to differ. As discussed above, children may
engage in traumatic play following a trauma.
Adolescents are more likely to engage in traumatic
reenactment, in which they incorporate aspects
of the trauma into their daily lives. In addition,
adolescents are more likely than younger children
or adults to exhibit impulsive and aggressive
Besides PTSD, what
are the other effects of trauma on children?
Besides PTSD, children and
adolescents who have experienced traumatic events
often exhibit other types of problems. Perhaps
the best information available on the effects
of traumas on children comes from a review of
the literature on the effects of child sexual
abuse. In this review, it was shown that sexually
abused children often have problems with fear,
anxiety, depression, anger and hostility, aggression,
sexually inappropriate behavior, self-destructive
behavior, feelings of isolation and stigma,
poor self-esteem, difficulty in trusting others,
and substance abuse. These problems are often
seen in children and adolescents who have experienced
other types of traumas as well. Children who
have experienced traumas also often have relationship
problems with peers and family members, problems
with acting out, and problems with school performance.
Along with associated symptoms,
there are a number of psychiatric disorders
that are commonly found in children and adolescents
who have been traumatized. One commonly co-occurring
disorder is major depression. Other disorders
include substance abuse; other anxiety disorders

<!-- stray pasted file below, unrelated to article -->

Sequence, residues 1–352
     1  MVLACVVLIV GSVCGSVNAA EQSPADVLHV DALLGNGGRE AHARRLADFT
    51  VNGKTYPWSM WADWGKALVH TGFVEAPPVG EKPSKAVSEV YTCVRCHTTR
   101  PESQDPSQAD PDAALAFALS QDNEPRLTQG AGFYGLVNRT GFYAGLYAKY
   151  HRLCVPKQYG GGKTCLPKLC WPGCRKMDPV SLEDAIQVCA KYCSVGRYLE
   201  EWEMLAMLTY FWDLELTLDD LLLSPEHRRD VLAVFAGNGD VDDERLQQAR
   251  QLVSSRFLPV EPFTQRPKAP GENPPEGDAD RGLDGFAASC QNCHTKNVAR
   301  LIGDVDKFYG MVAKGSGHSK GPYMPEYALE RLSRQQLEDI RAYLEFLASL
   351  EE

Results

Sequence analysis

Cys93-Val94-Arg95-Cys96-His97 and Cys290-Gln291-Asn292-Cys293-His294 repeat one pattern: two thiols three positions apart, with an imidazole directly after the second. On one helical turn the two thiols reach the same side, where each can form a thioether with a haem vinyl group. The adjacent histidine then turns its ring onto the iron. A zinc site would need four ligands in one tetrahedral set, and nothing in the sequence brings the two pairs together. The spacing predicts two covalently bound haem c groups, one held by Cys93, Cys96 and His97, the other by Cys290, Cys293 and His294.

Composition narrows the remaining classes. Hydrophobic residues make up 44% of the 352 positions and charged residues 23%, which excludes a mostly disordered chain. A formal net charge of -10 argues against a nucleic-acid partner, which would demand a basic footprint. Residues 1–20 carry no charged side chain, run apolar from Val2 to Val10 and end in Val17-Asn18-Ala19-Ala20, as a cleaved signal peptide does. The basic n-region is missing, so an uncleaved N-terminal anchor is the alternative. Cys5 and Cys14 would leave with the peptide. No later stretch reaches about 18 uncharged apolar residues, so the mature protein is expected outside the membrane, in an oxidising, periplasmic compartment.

such as separation anxiety, panic disorder,
and generalized anxiety disorder; and externalizing
disorders such as attention-deficit/hyperactivity
disorder, oppositional defiant disorder, and
How is PTSD treated
in children and adolescents?
Although some children show
a natural remission in PTSD symptoms over a
period of a few months, a significant number
of children continue to exhibit symptoms for
years if untreated. Few treatment studies have
examined which treatments are most effective
for children and adolescents.
A review of the adult treatment
studies of PTSD shows that this is the most
effective approach for treating children. CBT
for children generally includes the child directly
discussing the traumatic event (exposure), anxiety
management techniques such as relaxation and
assertiveness training, and correction of inaccurate
or distorted trauma related thoughts. Although
there is some controversy regarding exposing
children to the events that scare them, exposure-based
treatments seem to be most relevant when memories
or reminders of the trauma distress the child.
Children can be exposed gradually and taught
relaxation so that they can learn to relax while
recalling their experiences. Through this procedure,
they learn that they do not have to be afraid
of their memories. CBT also involves challenging
children's false beliefs such as, "the
world is totally unsafe." The majority
of studies have found that it is safe and effective
to use CBT for children with PTSD.
CBT is often accompanied by
psycho-education and parental
involvement. Psycho-education is education
about PTSD symptoms and their effects. It is